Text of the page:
Paisley defiant over possible IRA move
Paisley defiant over possible IRA move

Hardline unionist leader Ian Paisley has declared that any new IRA peace pledges could take years to be believed, and warned the Irish Prime Minister to keep “his dirty hands” off the North.

He was speaking after 90 minutes of talks with Taoiseach Bertie Ahern on Wednesday, which he described as “brutally frank, absolutely straight”.

Referring to comments by Mr Ahern about the parades issue, he said: “I did say that I didn’t want the Taoiseach to put his dirty hands on internal Northern Irish matters and I said it to his face.”

But Mr Ahern, who had separate talks with Prime Minister Tony Blair, agreed with Mr Paisley that the Provisional IRA could only remain as a “commemorative body.

Whenever an IRA statement about its future emerged, Mr Ahern said it had to be clear and unambiguous about halting all activity and completing disarming.

“It is not just words, it is deeds,” he said.

“If we get a statement on the issues I have mentioned, we would be very happy with the statement, but we would naturally enough want to see that they happen.”

On disbandment, Mr Ahern said: “ I have never used the word ‘disband’ because I think moving to a commemorative organisation is not disbandment but disbanding away from criminality or paramilitarism. I can’t see why anybody would force an organisation to do more than that.”

Mr Ahern cited historical examples of earlier UVF and IRA “old boys’ parades”, adding: “I’ve no difficulty with that.”

Mr Paisley, meanwhile, said it would take months for the IRA to first prove any promises were genuine, but his party had not set any specific timeframe.

“Everybody has their tongue out waiting for a statement from the IRA. We haven’t got our tongues out,” he said.

“What the IRA says is totally meaningless, except we have action.”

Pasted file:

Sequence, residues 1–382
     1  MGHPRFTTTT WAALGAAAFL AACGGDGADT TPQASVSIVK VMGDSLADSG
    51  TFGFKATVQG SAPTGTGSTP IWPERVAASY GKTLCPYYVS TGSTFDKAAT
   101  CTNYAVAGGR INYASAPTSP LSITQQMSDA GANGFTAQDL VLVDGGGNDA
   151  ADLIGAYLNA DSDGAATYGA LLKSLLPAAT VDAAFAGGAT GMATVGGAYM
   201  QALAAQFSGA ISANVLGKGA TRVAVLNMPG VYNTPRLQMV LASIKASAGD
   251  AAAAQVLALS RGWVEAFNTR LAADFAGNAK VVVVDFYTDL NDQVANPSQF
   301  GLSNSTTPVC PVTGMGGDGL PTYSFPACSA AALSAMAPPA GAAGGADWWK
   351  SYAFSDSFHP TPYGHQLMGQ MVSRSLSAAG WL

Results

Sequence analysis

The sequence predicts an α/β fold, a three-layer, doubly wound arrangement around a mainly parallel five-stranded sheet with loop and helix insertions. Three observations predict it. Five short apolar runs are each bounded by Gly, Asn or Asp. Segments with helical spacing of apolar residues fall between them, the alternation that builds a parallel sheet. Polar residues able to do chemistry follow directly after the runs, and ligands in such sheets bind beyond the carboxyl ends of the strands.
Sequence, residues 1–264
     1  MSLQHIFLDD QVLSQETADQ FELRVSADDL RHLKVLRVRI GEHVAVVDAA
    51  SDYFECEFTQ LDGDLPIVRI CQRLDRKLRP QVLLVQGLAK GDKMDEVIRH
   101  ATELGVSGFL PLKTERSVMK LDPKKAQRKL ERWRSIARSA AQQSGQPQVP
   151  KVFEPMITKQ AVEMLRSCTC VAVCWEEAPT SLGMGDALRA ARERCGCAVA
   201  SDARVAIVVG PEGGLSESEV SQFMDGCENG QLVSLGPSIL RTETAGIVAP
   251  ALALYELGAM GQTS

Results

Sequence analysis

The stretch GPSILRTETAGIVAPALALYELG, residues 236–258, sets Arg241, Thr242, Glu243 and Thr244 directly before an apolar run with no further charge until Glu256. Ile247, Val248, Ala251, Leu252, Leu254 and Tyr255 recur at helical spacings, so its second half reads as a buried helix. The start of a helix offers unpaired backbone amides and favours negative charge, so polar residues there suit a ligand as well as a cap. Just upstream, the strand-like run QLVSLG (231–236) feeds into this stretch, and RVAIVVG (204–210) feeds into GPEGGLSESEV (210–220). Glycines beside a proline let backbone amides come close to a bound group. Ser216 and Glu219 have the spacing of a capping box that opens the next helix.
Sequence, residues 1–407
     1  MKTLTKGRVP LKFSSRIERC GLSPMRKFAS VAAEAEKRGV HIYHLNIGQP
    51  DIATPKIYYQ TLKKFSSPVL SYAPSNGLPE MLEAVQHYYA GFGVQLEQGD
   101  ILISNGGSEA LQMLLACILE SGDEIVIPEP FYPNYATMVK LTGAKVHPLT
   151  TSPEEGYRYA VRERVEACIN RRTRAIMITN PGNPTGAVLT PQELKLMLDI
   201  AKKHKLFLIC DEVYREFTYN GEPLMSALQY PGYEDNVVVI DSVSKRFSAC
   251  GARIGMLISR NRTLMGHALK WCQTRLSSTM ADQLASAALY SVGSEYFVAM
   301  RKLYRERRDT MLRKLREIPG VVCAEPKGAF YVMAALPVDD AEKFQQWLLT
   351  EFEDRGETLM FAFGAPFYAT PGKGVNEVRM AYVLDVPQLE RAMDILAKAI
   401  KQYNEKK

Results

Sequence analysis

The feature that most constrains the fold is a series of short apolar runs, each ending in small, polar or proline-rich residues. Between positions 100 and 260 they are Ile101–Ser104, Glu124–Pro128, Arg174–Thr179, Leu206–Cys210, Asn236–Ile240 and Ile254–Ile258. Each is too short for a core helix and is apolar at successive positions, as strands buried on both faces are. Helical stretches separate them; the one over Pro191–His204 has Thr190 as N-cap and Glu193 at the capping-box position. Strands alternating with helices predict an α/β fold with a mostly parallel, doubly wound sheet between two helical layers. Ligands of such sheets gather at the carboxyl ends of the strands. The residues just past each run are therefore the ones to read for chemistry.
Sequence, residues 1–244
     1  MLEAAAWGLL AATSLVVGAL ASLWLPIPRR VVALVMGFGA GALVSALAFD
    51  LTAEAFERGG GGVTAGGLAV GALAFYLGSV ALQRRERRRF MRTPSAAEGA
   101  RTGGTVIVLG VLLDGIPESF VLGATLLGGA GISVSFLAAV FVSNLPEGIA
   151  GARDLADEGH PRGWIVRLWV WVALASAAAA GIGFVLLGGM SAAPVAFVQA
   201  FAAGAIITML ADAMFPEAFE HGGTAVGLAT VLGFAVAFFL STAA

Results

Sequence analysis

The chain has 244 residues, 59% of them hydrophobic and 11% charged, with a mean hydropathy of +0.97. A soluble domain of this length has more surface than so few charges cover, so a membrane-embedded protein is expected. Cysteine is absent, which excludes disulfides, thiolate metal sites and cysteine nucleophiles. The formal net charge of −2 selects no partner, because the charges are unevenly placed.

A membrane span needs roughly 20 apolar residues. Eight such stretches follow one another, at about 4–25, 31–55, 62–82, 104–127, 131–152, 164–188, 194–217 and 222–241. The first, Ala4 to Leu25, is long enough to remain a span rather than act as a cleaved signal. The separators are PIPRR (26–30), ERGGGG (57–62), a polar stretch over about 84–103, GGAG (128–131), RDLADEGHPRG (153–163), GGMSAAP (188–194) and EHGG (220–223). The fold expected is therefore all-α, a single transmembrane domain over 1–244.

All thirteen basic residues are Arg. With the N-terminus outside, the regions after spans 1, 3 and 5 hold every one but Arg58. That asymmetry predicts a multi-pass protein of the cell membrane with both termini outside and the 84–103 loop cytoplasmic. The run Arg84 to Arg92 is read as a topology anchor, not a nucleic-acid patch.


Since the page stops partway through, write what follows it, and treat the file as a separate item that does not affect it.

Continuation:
Dr Paisley appeared to mount another obstacle to progress when he told reporters: “We made clear to the Taoiseach that when he, the Southern Government, are able to say to us ‘we could share power with the IRA’, it would be time enough for the people of Northern Ireland to think of having them back in the government of Northern Ireland.”

At the same time DUP is reported to have made a further significant departure from the agenda for last December’s failed “comprehensive agreement”. The DUP is now reportedly requiring Sinn Féin’s prior approval for the North’s policing dispensation and criminal justice system.

However, Sinn Féin Newry and Armagh MP Conor Murphy urged the London and Dublin governments to impress on unionists the need for a resolution to the political deadlock.

Pledging his party’s total commitment to the peace efforts, he said: “The process cannot be allowed to stand still any longer. They need to make this absolutely clear to the DUP in particular.

“A failure to engage by the DUP cannot allow the process of change to become stalled.”


Meanwhile, Sinn Féin has been formally stripped of some 200,000 Euro worth of allowances as MPs at the British parliament at Westminster further suspended the party’s right to claim public funding for its 24 assembly members.

The party’s MPs were also stripped of around 700,000 Euro worth of Westminster allowances.

Asking MPs to formally approve what was described by the British government as a “fine”, Labour junior minister David Hanson said: “It gives me no pleasure at all to have to bring this matter before the House.

“We very much hope that in the period ahead we shall see movement from the Provisional IRA which ensures that the final transition to exclusively peaceful and democratic means is achieved.”


In other political news, three candidates for the leadership of the Ulster Unionist Party face election next week.

Following close of nominations at 5pm yesterday, party president Lord Rogan confirmed that the names of Reg Empey, former Stormont trade minister, and Assembly members Alan McFarland and David McNarry would be put to a ballot at the party’s meeting next Friday.

Empey, a senior party negotiator and former ally of the recently departed David Trimble, is the leading candidate.

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